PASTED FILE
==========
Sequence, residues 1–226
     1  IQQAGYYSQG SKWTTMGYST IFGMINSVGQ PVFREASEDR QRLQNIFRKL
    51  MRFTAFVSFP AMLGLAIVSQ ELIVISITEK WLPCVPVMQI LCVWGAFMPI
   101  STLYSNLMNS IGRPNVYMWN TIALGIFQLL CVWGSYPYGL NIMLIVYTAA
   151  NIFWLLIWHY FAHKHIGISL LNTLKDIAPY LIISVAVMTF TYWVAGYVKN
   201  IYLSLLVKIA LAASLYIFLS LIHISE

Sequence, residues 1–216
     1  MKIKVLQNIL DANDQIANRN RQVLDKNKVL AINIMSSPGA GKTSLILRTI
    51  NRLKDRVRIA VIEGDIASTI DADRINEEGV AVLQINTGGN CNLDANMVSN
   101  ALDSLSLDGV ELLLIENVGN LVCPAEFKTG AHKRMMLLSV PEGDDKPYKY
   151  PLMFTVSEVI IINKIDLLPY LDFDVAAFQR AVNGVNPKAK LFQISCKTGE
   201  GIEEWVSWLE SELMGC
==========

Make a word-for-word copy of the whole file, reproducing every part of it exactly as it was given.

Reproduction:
Sequence, residues 1–226
     1  IQQAGYYSQG SKWTTMGYST IFGMINSVGQ PVFREASEDR QRLQNIFRKL
    51  MRFTAFVSFP AMLGLAIVSQ ELIVISITEK WLPCVPVMQI LCVWGAFMPI
   101  STLYSNLMNS IGRPNVYMWN TIALGIFQLL CVWGSYPYGL NIMLIVYTAA
   151  NIFWLLIWHY FAHKHIGISL LNTLKDIAPY LIISVAVMTF TYWVAGYVKN
   201  IYLSLLVKIA LAASLYIFLS LIHISE

Sequence, residues 1–216
     1  MKIKVLQNIL DANDQIANRN RQVLDKNKVL AINIMSSPGA GKTSLILRTI
    51  NRLKDRVRIA VIEGDIASTI DADRINEEGV AVLQINTGGN CNLDANMVSN
   101  ALDSLSLDGV ELLLIENVGN LVCPAEFKTG AHKRMMLLSV PEGDDKPYKY
   151  PLMFTVSEVI IINKIDLLPY LDFDVAAFQR AVNGVNPKAK LFQISCKTGE
   201  GIEEWVSWLE SELMGC